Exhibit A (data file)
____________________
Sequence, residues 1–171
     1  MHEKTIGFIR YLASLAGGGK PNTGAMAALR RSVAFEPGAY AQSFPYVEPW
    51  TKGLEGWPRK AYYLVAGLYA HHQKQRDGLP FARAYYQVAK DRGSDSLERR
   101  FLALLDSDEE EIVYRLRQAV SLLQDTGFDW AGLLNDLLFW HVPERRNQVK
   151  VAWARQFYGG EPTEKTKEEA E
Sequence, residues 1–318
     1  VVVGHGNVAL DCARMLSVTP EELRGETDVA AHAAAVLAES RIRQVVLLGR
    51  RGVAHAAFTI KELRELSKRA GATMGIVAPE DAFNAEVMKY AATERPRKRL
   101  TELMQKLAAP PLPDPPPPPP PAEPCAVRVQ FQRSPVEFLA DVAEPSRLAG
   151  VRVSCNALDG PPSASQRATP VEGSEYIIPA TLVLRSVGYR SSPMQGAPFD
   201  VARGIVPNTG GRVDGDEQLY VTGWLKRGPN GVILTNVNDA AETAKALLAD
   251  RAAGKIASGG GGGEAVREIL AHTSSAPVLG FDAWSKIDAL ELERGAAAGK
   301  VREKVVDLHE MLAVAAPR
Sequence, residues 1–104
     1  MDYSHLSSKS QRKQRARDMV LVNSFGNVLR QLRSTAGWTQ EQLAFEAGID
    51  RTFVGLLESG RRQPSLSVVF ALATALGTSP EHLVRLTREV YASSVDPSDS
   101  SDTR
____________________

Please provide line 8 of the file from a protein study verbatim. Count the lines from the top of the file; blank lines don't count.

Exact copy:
    51  RGVAHAAFTI KELRELSKRA GATMGIVAPE DAFNAEVMKY AATERPRKRL